Once again, Kaitlin Steinberg is eating her way through Houston and counting down her 100 favorite dishes as we work our way toward our annual Menu of Menus® issue and culinary extravaganza. She'll compile a collection of the dishes she thinks are the most delicious, most creative and, of course, most indicative of our ever-changing food scene. It's a list of personal favorites, things she thinks any visitor or Houstonian ought to try at least once and dishes that are uniquely Houstonian.
I don't think I'd ever eaten food that's specifically Honduran before I discovered Mi Bella Honduras nestled in a run-down shopping center in Spring Branch. I made the assumption, as many probably do, that the cuisine would be similar to Mexican food, just based on its proximity to our southern neighbor.
I was very wrong.
It's more similar to Caribbean food than Mexican or the Tex-Mex to which we're accustomed, but it's also influenced by the native Indian cuisine and, interestingly, African food. The best way to sample a little bit of everything Hondurans love to eat is to order the Combo Catracho at Mi Bella. Just make sure you bring someone to help you eat.
The combo plate is billed as an appetizer, but it's a lot of food. It comes with enchiladas, tacos de pollo (or beef), a beef pastelito, a baleada, fried yuca, fried plantain strips, smoky grilled chicken and chunks of queso fresco and encurtido as condiments. Keep in mind that though you think you know items like enchiladas and tacos, these differ from Tex-Mex versions.
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The enchiladas aren't covered in the gravy or sauce that we're used to. Instead, they're more like flautas, stuffed with chicken and deep fried. The tacos are open faced and more like Tex-Mex tostadas than tacos. One reason that I prefer Honduran food to Tex-Mex on occasion, even though they are similar, is the use of queso fresco in this cuisine. The tacos are topped with mild, white, crumbly cheese, and the baleada is stuffed with melty, fresh queso fresco.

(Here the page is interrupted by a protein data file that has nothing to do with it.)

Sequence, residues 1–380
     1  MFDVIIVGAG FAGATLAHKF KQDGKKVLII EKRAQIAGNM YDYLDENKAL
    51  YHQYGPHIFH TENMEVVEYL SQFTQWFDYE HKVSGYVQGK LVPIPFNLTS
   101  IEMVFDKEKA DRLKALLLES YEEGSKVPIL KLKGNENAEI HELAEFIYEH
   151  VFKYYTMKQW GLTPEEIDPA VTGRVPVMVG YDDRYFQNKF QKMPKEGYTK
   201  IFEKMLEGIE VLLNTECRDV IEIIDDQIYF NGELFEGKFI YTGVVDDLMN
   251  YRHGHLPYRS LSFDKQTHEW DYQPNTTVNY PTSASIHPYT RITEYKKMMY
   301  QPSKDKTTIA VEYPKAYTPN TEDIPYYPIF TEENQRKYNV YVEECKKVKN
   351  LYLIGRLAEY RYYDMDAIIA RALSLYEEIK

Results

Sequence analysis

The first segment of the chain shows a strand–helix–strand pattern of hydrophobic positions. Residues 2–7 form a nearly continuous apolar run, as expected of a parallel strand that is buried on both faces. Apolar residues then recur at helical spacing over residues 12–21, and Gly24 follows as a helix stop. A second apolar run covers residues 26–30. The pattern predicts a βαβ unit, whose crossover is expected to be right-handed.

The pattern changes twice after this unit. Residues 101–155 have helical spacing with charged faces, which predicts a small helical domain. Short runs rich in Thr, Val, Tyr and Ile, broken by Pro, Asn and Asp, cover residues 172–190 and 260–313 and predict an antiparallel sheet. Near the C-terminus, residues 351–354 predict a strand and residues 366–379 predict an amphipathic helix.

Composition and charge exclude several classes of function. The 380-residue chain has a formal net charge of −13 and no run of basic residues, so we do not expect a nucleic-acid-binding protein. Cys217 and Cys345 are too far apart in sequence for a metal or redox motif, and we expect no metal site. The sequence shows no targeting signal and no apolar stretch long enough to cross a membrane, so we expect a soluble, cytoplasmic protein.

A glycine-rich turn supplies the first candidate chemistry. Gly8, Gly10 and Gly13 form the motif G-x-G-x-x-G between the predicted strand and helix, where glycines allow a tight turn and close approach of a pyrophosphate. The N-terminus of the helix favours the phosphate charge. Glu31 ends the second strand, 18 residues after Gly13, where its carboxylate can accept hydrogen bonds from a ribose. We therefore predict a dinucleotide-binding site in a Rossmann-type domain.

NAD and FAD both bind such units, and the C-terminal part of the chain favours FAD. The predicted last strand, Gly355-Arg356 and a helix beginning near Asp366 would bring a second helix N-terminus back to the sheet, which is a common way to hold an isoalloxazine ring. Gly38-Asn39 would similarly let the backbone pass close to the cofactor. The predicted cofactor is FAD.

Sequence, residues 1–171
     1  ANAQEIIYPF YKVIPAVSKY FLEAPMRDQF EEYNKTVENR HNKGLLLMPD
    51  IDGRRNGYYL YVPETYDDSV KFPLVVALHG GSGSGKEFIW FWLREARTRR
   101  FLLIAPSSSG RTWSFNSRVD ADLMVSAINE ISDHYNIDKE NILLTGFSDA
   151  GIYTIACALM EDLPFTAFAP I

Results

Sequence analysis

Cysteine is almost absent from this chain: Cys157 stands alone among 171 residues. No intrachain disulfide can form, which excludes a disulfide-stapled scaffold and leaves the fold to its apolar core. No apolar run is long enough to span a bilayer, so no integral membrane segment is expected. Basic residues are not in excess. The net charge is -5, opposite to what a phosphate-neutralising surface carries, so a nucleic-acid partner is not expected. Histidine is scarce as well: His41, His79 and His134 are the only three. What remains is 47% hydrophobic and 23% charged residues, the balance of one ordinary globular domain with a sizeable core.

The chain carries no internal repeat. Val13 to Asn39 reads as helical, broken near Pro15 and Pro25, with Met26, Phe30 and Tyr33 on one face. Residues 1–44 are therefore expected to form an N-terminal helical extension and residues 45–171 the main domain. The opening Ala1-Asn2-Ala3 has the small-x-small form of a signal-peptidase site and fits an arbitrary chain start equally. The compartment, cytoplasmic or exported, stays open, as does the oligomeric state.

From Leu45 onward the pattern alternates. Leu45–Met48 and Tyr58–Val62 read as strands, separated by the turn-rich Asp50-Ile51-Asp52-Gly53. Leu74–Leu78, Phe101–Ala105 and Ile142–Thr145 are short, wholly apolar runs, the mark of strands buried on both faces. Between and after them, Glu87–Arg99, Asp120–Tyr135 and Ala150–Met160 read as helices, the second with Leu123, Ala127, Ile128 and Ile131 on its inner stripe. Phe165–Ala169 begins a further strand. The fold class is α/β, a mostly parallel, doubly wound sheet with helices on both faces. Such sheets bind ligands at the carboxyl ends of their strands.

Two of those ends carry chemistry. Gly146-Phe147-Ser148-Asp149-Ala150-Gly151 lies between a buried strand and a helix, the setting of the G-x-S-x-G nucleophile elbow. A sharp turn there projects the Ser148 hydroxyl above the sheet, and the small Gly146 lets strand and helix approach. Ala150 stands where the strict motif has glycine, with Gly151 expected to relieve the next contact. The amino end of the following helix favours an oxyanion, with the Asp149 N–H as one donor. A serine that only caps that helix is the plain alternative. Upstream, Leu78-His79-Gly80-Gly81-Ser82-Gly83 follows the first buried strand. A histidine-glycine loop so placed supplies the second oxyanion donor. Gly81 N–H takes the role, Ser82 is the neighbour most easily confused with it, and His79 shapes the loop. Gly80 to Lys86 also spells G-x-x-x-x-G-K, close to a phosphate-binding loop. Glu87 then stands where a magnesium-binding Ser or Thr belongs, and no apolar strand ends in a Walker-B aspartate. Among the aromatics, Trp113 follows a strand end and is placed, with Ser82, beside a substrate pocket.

The baleada is a sort of quesadilla with only black beans and cheese inside, and it's particularly delicious when dipped into the encurtido, a generic word for pickled veggies, but in this case, bell peppers, onions, cucumber and tomatoes. The fried plantain chips are best dipped in the watery, mild salsa that comes with the platter or topped with the vibrant pink pickled onions.
In spite of the fact that I find Honduran food--or any South American food for that matter--a refreshing break from the Tex-Mex we're sometimes overwhelmed with in Houston, I did catch myself dousing everything in Valentina hot sauce. Turns out you really can't take the Tex-Mex out of the girl.
The list so far: No. 95, Tamal de Puerco at Andes Cafe No. 96, Cheeseburger at Sparkle's Hamburger Spot No. 97, Mi Quang at Simply Pho No. 98, Helado de Lúcuma at Pollo Bravo No. 99, Fat Fries at Fat Bao No. 100, Fish Bánh Mì at La Baguette